The Pierogi That Was Not To Be

As you can see from the title, this blog post does NOT have a happy ending.

Ever since my lovely Yorkshire pudding showed up in the blog, I have been getting random comments that I have great potential and I should turn my blog into a cooking DIY blog. The truth is, I am a lousy cook. My culinary skills are restricted to the basics of the basics. I can only do simple stuff. And I do have a lot of failed attempts in making new dishes, which of course never made its way to the blog.

Some of my failures include trying to bake a pandan layer cake, a blackforest cake, as well as multiple tries on shepherd’s pie where the potato crust turned into potato charcoal piece, among many other things. This morning, I encountered another disaster, when I decided to make the national dish of Poland called Pierogi.

As usual, I will start with the background story. I will be honest that up until a few months ago, I know next to nothing about Poland. The only Polish thing or person that I know about is Arsenal’s goalkeeper Wojciech Szczesny.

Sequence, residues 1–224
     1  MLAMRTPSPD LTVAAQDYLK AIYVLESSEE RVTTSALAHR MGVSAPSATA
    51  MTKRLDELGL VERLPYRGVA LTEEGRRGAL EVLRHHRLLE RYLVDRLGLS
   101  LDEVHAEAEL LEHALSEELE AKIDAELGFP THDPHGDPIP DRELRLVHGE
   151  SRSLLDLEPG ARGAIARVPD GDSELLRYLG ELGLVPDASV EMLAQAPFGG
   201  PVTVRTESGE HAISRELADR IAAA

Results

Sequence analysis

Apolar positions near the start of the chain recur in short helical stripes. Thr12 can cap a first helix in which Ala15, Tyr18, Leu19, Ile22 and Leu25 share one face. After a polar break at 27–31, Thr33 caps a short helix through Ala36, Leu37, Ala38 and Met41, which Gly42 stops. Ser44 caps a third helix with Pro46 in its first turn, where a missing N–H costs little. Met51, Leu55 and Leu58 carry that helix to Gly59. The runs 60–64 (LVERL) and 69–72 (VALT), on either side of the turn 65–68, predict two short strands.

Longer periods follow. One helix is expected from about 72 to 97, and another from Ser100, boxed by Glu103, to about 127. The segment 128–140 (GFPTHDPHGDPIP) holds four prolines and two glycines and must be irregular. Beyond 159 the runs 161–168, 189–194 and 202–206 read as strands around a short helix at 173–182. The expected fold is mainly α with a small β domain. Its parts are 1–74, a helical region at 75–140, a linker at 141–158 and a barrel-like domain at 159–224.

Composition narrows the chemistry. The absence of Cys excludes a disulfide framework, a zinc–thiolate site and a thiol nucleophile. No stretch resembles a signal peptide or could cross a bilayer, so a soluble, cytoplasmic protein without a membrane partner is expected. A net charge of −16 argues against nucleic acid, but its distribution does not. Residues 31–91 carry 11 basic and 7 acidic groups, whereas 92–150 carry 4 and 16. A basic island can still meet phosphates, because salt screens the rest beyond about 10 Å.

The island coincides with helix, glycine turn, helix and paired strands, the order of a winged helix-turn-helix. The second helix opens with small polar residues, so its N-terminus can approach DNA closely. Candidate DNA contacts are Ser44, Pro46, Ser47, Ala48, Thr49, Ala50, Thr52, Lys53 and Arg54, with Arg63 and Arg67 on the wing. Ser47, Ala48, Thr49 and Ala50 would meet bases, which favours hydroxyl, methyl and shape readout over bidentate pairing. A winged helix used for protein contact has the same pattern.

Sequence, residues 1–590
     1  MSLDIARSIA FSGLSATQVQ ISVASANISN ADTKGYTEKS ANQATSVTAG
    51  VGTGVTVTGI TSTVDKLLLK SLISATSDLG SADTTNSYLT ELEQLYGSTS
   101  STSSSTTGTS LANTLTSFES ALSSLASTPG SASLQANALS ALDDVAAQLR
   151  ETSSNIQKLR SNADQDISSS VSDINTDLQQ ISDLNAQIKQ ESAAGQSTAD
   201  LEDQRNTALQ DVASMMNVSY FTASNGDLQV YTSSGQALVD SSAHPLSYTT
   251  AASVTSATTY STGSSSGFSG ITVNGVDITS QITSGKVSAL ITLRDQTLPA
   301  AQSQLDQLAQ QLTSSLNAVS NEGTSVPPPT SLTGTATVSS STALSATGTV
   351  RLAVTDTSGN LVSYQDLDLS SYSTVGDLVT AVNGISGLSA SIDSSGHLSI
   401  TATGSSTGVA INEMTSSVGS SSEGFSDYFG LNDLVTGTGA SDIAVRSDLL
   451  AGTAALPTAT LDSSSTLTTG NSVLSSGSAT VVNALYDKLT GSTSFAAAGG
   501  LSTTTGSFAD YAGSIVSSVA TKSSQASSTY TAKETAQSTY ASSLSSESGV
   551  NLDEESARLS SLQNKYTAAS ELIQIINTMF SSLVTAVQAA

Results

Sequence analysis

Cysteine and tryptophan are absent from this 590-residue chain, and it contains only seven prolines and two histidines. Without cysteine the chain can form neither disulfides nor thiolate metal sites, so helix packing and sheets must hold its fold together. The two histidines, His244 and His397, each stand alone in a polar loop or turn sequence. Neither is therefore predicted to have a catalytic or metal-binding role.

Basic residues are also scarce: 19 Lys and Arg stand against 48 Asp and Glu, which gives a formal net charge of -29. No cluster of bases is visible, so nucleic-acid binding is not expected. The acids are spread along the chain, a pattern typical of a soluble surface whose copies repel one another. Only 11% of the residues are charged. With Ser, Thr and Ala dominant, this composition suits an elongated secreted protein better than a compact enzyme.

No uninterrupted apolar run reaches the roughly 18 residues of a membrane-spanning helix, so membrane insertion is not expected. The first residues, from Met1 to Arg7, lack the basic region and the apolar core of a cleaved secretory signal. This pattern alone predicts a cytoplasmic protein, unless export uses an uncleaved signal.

And then I was exposed to some Polish blogs a couple of months ago (in fact you can find a couple of them in my blog roll to the right of the page), and I read one particular post on eTramping about Polish cuisine. There was one particular food that caught my attention. You guessed it right, the pierogi.

It is funny, sometimes when you discovered a new word, you start to notice it everywhere you go. After reading that blog post, I begin to encounter this word “pierogi” quite frequently, it is haunting me like a persistent delicious-food ghost. Some of my encounters within a month:

  • I was driving along the road when I was back in KL, and I saw a banner on the sidewall with the words: “Get a taste of Poland, learn how to make Pierogi!”
  • My Listening test in IELTS, there was an audio clip of conversation between two person on their favorite food, and one of them said: “my girlfriend is from Poland, she makes this wonderful dumpling called pierogi…”
  • When I was looking for a suitable recipe to attempt the Yorkshire pudding, I came across a baking website called Butter Baking. Looked promising, so I start digging through the website. Could not find Yorkshire pudding there, but while searching I came across this: